The euro held its strong recent gains in thin trade versus the dollar on Monday, with most European markets shuttered for the extended Easter break.
Traders at their desks refrained from taking aggressive positions in currencies other than those backed by soaring commodity prices.
With gold and silver at prices not seen in decades, the aussie dollar touched its highest in almost thirty years against the U.S. dollar this morning.
Focus now shifts to the U.S. Federal Reserve, which will make its latest decision on interest rates Wednesday.
Although a change in the central bank’s key lending rate is highly unlikely, the Fed may signal it has no plans to renew its controversial asset purchase plan when it expires in June.
The euro sat near $1.46 versus the euro on Monday, just below last week’s 16-month low of $1.4647.
In economic news from the U.S. sales of new homes rebounded 11.1 percent in March to a seasonally adjusted annual rate of 300,000, the Commerce Department said Monday.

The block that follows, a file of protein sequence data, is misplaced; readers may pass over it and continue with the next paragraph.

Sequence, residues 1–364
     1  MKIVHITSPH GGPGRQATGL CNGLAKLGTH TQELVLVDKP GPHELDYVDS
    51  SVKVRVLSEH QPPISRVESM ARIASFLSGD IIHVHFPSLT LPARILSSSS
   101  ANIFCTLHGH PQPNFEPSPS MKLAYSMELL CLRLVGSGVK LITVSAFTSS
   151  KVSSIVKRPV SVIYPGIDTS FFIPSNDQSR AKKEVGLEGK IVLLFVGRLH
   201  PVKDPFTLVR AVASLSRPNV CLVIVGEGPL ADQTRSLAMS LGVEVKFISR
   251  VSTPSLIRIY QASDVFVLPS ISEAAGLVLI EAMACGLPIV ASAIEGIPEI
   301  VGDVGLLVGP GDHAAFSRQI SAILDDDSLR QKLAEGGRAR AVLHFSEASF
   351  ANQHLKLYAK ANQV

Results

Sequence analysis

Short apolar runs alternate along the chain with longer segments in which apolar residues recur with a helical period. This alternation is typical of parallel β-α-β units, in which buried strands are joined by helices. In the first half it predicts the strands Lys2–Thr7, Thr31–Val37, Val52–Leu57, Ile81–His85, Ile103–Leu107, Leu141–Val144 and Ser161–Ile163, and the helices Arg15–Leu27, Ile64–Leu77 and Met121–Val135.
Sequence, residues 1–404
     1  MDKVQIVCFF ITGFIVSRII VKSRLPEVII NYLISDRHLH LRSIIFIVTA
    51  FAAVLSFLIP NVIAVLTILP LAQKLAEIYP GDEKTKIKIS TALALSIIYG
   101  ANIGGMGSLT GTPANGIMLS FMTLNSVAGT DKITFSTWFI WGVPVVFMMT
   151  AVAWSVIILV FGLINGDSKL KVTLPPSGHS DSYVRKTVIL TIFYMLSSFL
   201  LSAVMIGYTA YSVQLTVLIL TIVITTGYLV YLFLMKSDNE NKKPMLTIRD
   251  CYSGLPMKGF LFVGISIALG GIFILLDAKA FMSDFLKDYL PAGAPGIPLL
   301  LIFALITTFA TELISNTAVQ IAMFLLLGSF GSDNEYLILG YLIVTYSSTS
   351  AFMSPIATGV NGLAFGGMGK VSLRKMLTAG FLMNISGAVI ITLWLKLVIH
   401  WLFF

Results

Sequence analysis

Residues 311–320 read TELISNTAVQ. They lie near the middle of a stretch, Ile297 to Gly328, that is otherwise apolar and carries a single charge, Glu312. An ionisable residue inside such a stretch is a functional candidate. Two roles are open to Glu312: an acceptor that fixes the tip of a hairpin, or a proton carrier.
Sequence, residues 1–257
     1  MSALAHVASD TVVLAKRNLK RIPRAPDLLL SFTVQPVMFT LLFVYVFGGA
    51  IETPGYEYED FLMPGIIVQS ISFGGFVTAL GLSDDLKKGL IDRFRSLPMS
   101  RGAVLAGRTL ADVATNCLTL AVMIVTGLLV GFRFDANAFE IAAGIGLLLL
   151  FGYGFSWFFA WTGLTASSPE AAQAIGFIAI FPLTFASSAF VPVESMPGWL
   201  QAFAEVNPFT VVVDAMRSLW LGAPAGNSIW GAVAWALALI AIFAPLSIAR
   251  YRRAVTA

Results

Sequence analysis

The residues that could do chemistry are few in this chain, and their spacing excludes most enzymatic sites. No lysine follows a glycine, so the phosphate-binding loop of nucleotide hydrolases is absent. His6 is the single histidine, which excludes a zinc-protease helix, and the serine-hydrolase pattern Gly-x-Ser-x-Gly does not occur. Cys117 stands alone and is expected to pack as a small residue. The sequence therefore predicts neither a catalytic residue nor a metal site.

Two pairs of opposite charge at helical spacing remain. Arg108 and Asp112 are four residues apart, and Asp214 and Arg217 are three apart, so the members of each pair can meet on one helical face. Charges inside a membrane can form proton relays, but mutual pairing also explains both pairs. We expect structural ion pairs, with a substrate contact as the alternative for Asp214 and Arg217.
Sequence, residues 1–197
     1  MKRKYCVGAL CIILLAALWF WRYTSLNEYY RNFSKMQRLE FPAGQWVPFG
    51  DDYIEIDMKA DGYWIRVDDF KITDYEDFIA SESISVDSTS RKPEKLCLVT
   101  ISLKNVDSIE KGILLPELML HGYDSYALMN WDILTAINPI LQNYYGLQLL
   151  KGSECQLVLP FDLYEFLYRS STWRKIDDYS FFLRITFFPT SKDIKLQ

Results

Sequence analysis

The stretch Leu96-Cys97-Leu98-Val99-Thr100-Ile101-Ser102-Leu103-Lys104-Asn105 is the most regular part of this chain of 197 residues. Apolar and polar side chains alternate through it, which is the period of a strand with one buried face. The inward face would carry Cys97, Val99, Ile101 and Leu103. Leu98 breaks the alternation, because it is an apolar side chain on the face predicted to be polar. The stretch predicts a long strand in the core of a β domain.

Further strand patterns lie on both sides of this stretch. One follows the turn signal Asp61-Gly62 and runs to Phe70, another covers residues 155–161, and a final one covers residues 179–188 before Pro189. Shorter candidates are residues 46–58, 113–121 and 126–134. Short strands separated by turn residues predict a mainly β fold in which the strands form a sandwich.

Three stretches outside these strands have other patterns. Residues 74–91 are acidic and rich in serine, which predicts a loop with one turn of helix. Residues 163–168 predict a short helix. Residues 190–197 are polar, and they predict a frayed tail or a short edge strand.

Still, new home sales were down 21.9 percent from March 2010 levels.
The euro was steady versus the yen, fetching Y119.70. Early gains took the euro to GBP 0.8850 versus the sterling, not far from a recent 7-month high of 0.8915.
Bank of Italy’s Governor Mario Draghi has gained support from French President Nicolas Sarkozy in the race to become the next European Central Bank chief, Bloomberg News reported Monday, citing an unidentified source.
Sarkozy is expected to disclose his support to Draghi tomorrow in Rome. As Draghi is the only representative for the post from the big-four eurozone nations, namely Germany, France, Italy and Spain, the French support raises the chance of him being selected as the ECB chief, the Bloomberg report said. His bid apparently has German backing.
The current central bank President Jean-Claude Trichet’s term expires on October 31.
Spanish producer prices rose 7.8 percent annually in March after rising 7.6 percent in February, the statistical office INE said Monday. On a monthly basis, producer prices rose 0.9 percent, the same rate of growth as seen in February.